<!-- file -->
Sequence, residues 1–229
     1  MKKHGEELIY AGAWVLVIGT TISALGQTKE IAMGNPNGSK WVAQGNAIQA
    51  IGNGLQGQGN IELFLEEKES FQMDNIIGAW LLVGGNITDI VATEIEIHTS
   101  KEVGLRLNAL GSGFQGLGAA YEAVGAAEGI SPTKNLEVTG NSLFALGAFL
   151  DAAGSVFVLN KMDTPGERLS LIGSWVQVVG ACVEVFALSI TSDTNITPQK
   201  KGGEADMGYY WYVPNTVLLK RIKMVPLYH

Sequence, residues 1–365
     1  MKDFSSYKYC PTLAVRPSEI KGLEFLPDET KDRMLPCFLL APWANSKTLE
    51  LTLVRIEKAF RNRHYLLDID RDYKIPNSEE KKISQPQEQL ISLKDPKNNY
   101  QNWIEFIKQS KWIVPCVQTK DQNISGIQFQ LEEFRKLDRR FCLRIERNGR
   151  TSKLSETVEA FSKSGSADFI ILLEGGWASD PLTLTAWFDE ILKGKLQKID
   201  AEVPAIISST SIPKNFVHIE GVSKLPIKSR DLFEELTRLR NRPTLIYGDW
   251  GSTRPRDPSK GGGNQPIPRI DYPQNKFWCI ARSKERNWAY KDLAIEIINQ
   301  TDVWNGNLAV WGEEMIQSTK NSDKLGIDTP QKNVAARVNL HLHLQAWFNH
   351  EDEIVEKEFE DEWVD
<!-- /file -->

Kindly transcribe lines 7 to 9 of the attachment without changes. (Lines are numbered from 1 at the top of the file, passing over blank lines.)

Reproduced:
Sequence, residues 1–365
     1  MKDFSSYKYC PTLAVRPSEI KGLEFLPDET KDRMLPCFLL APWANSKTLE
    51  LTLVRIEKAF RNRHYLLDID RDYKIPNSEE KKISQPQEQL ISLKDPKNNY